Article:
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Front Page » Top Stories » Lack Of Manpower Not Of Funding Kills Art Basel Miami Beach Buses

Lack Of Manpower Not Of Funding Kills Art Basel Miami Beach Buses

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Written by on November 19, 2009

By Zachary S. Fagenson
A shuttle system that last December bused thousands of arts enthusiasts around Miami’s art fairs and Art Basel on Miami Beach won’t be back next month.

The loss isn’t due to lack of funds but lack of manpower at the City of Miami department that organized the buses.

"I contributed some money out of my budget," said Robert Parente, director of the Mayor’s Office of Film and Cultural Affairs, which organized the shuttles. "Each fair contributed X number of dollars and [the system] was self-sustaining."

But amid city budget cuts, the office in October lost its $245,000 annual budget and Mr. Parente was forced to lay off his two-person staff. That left him under the city manager’s budget. He now focuses on film permitting such productions as the Emmy Award-winning "Burn Notice," shot in Coconut Grove.

Without the staff, the buses don’t roll.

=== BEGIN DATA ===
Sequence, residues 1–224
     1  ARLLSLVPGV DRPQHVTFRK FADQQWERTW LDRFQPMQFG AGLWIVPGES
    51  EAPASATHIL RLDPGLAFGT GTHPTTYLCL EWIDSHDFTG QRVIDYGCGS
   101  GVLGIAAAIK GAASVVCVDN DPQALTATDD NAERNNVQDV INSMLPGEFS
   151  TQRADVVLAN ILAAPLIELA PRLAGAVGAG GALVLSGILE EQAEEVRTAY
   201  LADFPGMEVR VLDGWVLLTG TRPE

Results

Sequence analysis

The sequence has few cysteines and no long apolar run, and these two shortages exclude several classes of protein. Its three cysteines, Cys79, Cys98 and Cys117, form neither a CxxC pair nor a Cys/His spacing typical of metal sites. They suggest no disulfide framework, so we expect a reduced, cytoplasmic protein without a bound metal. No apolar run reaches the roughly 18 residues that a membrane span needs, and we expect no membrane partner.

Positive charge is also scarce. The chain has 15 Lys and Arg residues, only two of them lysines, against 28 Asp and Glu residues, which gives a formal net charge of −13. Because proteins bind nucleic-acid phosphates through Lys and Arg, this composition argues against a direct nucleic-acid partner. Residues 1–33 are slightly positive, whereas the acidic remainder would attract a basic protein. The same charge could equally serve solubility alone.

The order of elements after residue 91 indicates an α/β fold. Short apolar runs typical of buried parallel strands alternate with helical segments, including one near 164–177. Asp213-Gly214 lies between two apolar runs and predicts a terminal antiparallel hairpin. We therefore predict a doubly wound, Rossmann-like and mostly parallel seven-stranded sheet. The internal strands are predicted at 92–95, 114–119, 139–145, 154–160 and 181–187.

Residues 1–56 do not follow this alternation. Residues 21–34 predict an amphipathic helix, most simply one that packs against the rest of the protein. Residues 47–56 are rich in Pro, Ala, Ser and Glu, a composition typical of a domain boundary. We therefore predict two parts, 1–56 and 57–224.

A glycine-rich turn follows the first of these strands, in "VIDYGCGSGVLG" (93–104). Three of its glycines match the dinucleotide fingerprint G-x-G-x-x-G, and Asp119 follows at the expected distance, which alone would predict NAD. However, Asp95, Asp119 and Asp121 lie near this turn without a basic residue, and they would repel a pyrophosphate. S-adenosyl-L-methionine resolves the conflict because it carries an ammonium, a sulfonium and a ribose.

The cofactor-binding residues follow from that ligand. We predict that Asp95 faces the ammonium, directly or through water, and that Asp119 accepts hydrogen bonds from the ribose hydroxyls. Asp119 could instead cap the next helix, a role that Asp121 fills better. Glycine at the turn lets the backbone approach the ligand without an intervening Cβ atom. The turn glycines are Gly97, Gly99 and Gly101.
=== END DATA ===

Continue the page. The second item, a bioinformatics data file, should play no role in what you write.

"We were in the process of gearing it up," Mr. Parente said. "We weren’t sure if we were going to be successful based on [the fairs'] economic ability to participate, but once I lost all my staff it became a virtual impossibility."

The program began four years ago to move fairgoers around the events in Wynwood.

But as the December art week grew, the system, based at the Shops at Midtown to take advantage of its 2,500 parking spaces, included one route that ran through Wynwood and another that moved arts enthusiasts between the mainland and Miami Beach.

With several buses on each route, Mr. Parente said, fairgoers could hop on a bus about every 15 minutes and, he estimated, 8,000 to 12,000 did.

"It really had to have enough of a budget to establish frequency," he said. "The lack of frequency saves you money, but people are less likely" to use it.

The bus costs totaled about $10,000 last year, he added.

And while the buses can "absolutely" come back if the city regains the staff, it’s unlikely the myriad art fairs will come together to organize an interconnecting system.

"Remember," Mr. Parente said, "you’re talking about bringing together a group of businesses that while somewhat collegial, their interests are their interests."

But Art Miami Director Nick Korniloff said the competing fairs worked together in the past and may in the future.

"Obviously we would love the support of the city," he said. "Last year it was the shows who came together and collaborated and put the funds together to run the shuttles buses."

And while Art Miami will still run shuttles between its location near the Shops at Midtown and Art Basel, Mr. Korniloff said, the other fairs are "making their own decisions." Advertisement

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